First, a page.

Instead of waiting for Murphy to come back to kick my ass, I decided to get some work done. I couldn't put off the inevitable, but I could be productive in the meantime. I marched down the subbasement with the dogasaurus on my heels.
"Hey, Bob. Wake up, lazybones," I announced as I went downstairs.
"Harry," Bob practically growled with his non-existent throat, "I'm in the middle of something."
"What?" I asked.
"Two Icelandic twins and Marshall's quivering member," he said with a giddiness that could only be described as obscene. I almost tripped on the last step. I really should be used to this by now, but sometimes, Bob still managed to surprise me.
"This is not the time for an orgy. We got to get to work," I stated.
Bob sighed. His eyelights finally started flickering inside his skull.
"Have I taught you nothing, Harry? There's always time for an orgy," he replied patiently.
"What is it this time? Trolls, Fairies, Runaway Unicorns?"
"No, I don't plan on getting skewered anytime soon, but thank you for bringing up such a painful memory," I replied with equal snark.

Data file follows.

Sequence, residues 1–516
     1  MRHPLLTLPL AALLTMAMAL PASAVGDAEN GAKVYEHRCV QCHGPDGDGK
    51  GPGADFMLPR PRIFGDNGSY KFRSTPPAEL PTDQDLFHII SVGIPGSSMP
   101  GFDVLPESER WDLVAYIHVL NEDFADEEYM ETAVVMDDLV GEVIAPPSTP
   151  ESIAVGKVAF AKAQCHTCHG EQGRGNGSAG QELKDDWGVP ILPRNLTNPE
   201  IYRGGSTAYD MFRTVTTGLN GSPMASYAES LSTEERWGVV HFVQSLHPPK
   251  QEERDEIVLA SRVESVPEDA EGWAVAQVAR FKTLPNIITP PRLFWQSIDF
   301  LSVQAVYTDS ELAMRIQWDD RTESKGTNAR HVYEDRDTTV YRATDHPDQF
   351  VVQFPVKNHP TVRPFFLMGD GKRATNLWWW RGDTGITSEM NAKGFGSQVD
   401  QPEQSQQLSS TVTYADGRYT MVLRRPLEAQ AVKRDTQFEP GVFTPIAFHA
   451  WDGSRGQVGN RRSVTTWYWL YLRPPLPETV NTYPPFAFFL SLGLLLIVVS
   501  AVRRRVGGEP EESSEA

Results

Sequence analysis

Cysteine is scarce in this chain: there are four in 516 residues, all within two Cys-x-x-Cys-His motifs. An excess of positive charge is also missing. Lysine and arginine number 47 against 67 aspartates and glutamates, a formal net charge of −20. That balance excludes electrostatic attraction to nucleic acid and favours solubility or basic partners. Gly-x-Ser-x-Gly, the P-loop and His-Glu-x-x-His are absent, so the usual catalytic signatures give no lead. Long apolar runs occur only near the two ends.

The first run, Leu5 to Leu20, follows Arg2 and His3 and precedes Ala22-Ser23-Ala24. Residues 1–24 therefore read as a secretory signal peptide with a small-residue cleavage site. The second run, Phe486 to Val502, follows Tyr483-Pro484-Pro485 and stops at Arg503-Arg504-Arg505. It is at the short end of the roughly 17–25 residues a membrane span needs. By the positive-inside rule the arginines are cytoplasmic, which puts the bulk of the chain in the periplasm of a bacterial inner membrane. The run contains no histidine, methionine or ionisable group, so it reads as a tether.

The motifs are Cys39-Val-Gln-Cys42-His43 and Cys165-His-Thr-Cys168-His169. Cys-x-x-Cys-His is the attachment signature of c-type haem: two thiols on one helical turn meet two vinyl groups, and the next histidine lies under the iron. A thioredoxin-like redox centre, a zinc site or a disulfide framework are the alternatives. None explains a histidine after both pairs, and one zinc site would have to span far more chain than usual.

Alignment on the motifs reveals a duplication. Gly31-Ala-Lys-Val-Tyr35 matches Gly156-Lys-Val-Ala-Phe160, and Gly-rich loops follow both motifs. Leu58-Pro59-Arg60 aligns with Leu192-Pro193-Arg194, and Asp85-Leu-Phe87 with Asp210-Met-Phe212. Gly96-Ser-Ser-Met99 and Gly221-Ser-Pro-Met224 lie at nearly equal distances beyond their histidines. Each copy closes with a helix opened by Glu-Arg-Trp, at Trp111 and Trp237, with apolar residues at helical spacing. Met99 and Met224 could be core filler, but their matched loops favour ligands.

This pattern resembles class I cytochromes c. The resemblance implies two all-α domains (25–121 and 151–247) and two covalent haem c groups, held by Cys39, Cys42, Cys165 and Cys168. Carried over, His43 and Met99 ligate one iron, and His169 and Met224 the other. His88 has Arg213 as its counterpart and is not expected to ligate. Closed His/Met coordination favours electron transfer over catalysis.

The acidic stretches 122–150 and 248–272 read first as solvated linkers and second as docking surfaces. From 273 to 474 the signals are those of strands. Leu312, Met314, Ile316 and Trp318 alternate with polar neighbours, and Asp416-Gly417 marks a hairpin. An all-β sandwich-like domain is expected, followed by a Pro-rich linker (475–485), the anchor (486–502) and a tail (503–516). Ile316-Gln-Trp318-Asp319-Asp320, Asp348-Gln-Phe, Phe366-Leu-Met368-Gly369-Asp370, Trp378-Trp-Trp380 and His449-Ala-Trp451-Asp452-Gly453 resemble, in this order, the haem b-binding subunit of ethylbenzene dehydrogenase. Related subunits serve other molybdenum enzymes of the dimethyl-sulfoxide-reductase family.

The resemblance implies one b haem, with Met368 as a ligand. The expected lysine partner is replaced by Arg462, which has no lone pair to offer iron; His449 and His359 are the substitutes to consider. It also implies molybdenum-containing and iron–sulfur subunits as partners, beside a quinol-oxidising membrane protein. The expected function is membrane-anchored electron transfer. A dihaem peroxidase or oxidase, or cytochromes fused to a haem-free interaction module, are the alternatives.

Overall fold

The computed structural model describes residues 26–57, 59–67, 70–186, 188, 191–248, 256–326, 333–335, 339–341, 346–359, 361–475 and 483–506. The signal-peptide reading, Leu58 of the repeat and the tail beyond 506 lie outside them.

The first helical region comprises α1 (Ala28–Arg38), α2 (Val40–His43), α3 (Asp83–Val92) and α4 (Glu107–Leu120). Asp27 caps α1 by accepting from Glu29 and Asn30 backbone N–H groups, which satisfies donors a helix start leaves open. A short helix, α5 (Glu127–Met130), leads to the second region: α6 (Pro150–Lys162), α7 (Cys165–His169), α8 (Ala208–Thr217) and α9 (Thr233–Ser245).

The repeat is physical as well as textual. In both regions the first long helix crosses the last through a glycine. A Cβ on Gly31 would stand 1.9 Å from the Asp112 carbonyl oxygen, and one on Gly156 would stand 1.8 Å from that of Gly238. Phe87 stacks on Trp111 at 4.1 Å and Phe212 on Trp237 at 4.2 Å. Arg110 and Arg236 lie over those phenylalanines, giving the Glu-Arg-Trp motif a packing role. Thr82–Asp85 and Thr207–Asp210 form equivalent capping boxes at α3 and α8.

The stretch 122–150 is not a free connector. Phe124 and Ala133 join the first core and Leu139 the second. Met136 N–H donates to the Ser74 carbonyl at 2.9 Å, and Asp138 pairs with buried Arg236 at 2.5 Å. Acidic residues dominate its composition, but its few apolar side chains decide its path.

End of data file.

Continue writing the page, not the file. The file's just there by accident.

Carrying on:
"No one ever plans to get run through by a unicorn horn, but that happens to you anyway. Best to remain prepared," Bob replied.
I gathered a few old books and put them on my desk, "Noted."
"Now, if that's all for today, I have…"
"Not so fast, skullbrain. I need your take on this," I said and filled him in on the events of that day. It took longer than expected, mostly due to his insistence on a precise description on what Murphy and Molly were wearing that day.
"A motorcycle vixen and a naughty schoolgirl all in one day. My, what a charmed life you lead, Harry," Bob stated wistfully.
"Bob," I snapped, coming to the end of my patience.
"Alright, alright. All work and no lay makes you a very cranky boy," Bob commented.
"Bob, I swear I will replace all of your books with the entire Twilight series… in multiple languages."